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Boosted by strong reports from automakers and easing fears about Syria, the Dow Jones Industrial Average (^DJI 0.09%) finished up 97 points or 0.7% today.
President Obama spoke in Stockholm today, insisting that the "red line" on chemical weapons was created by the world, not the United States, as he tried to drum up foreign support for a limited strike against the Syrian regime. Meanwhile, the Senate Foreign Relations approved a restricted attack against Syria, by a vote of 10-7, stipulating that no ground troops would be allowed, and the strikes would be limited to 60 days. Markets seemed to react well to the idea of a contained strike.
Back at home, carmakers reported strong August sales as Ford (F 3.14%) and General Motors (GM 4.16%) jumped 3.5% and 5% respectively, and all of the "Big 3" reported double-digit year-over-year increase. GM saw its best month since before the financial crisis, and the reports, which are the earliest indicator of August spending, indicate that consumer demand continues to be strong as vehicles make up about 25% of retail sales. In other economic news, the July trade deficit expanded to $39.1 billion, above expectations of $38.2 billion, and the Federal Reserve's Beige Book economic assessment showed moderate growth in most of the country with consumer spending and the housing market improving.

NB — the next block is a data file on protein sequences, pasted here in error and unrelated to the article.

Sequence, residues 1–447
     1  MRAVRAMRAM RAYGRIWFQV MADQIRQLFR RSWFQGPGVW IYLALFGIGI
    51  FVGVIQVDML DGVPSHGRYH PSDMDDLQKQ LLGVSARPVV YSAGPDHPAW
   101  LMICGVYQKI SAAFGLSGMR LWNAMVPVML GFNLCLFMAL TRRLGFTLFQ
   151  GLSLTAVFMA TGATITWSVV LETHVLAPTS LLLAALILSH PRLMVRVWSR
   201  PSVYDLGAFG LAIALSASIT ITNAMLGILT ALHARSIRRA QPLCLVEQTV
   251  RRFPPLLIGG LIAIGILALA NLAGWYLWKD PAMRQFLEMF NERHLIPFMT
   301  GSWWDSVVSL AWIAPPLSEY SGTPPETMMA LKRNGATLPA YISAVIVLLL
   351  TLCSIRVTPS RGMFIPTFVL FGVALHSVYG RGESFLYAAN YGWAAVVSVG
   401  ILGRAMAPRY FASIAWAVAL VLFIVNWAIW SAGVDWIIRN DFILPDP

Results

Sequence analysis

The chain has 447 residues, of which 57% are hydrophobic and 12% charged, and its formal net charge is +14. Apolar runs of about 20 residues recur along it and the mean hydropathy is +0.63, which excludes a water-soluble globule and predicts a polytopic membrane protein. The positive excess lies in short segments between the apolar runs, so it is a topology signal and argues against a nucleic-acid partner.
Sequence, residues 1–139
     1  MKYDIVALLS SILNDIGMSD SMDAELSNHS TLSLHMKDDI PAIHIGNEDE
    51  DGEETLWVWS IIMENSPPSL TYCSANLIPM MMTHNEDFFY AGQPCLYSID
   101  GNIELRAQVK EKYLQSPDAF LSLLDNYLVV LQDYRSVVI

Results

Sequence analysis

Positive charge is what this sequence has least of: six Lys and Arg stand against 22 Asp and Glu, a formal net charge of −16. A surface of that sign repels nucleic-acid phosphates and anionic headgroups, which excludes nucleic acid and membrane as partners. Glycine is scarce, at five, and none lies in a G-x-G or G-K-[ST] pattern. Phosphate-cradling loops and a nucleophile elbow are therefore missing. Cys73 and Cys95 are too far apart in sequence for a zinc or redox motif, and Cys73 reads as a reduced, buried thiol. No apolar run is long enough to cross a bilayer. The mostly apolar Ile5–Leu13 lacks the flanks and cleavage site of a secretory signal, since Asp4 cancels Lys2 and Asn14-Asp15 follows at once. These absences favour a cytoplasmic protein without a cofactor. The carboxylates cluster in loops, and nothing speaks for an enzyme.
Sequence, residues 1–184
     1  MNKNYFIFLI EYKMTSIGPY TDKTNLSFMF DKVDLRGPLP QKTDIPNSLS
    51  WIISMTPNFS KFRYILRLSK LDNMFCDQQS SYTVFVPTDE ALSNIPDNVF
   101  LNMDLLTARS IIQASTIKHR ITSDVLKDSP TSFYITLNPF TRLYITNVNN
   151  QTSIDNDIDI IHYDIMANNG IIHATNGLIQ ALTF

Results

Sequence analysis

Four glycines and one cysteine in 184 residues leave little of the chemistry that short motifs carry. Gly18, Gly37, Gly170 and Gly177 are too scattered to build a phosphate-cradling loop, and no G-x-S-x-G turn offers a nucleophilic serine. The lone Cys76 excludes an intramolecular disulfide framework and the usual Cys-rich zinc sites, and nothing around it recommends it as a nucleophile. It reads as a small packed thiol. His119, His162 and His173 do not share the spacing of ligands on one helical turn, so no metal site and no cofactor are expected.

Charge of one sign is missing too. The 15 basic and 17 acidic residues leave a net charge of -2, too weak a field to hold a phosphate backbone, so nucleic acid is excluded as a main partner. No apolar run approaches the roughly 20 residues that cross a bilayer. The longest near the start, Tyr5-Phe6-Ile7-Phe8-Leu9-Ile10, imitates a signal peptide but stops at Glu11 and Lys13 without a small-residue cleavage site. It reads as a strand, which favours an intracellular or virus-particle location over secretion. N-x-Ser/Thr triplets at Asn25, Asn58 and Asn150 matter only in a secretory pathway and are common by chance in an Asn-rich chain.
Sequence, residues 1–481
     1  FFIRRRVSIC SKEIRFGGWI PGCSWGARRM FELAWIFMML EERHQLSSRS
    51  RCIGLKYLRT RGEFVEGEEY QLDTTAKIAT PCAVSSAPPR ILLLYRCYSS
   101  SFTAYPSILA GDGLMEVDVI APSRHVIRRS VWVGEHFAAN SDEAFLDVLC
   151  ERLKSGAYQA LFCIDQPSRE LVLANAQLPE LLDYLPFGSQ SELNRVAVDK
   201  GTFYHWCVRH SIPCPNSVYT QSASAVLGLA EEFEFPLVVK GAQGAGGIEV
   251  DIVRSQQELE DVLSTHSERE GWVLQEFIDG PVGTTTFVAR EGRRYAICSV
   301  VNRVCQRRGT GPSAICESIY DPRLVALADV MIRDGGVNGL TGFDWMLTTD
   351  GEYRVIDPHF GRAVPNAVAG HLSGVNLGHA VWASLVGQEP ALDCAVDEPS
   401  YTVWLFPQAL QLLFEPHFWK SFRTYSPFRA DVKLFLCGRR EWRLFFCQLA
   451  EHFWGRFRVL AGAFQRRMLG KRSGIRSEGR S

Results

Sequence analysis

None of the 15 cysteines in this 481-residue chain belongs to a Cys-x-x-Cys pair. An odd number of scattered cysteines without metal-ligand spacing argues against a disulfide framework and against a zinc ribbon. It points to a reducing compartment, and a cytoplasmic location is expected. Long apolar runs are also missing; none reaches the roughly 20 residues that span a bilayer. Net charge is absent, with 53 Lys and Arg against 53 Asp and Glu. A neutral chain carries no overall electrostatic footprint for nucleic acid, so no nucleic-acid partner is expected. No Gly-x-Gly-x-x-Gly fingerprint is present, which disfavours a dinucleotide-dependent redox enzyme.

Microsoft (MSFT -0.92%) was the worst performer on the Dow for the second day in a row, falling 2.2% after receiving a downgrade from Morgan Stanley following its purchase of Nokia's handset division. The investment bank dropped its rating on Microsoft to hold, saying executing the handset integration may be difficult. Microsoft hopes to reach 15% market share in the smartphone industry by 2018, up from 5% today, which could prove difficult, as there are a number of better-positioned competitors and the industry is maturing, meaning major innovations are likely to be less frequent.
Fellow tech heavyweight, Intel (INTC -0.03%) was the Dow's biggest gainer today, moving up 2.6%, after it introduced a new chip, which it calls the Avoton, for microservers. Intel claims the chips run six times faster than its predecessors, and with the company struggling for a foothold as PC sales decline, investors were happy to see it homing in a new microserver market.